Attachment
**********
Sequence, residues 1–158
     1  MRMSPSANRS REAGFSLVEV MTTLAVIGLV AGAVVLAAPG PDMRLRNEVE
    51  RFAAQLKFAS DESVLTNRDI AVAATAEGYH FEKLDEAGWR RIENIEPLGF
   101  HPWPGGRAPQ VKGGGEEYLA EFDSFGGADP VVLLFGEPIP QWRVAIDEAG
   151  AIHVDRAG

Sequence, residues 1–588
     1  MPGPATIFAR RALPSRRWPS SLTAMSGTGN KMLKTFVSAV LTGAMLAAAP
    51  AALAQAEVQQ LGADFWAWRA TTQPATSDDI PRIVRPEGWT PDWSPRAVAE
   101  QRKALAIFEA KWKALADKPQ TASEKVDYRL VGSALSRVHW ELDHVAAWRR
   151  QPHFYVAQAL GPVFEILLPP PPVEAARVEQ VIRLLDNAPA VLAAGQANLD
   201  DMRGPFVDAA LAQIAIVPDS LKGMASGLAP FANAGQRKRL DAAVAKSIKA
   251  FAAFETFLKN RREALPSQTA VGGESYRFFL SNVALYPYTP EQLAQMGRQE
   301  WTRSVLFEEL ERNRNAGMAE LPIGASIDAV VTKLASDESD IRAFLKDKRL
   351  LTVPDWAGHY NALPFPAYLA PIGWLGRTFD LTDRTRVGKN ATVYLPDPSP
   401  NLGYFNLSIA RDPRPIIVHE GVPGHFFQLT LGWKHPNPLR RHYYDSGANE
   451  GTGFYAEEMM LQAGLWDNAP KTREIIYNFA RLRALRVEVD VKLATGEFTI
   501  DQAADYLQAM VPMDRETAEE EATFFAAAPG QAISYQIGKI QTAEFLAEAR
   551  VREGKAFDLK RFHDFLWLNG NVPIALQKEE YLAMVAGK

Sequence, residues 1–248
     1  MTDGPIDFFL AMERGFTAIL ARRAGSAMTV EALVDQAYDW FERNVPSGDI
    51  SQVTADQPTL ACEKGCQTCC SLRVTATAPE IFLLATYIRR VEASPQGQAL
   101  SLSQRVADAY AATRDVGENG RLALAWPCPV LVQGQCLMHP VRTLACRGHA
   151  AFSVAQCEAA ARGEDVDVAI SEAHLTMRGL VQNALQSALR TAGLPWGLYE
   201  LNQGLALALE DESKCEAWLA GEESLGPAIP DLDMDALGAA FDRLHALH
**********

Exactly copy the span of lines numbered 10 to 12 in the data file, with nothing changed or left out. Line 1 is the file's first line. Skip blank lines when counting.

   151  QPHFYVAQAL GPVFEILLPP PPVEAARVEQ VIRLLDNAPA VLAAGQANLD
   201  DMRGPFVDAA LAQIAIVPDS LKGMASGLAP FANAGQRKRL DAAVAKSIKA
   251  FAAFETFLKN RREALPSQTA VGGESYRFFL SNVALYPYTP EQLAQMGRQE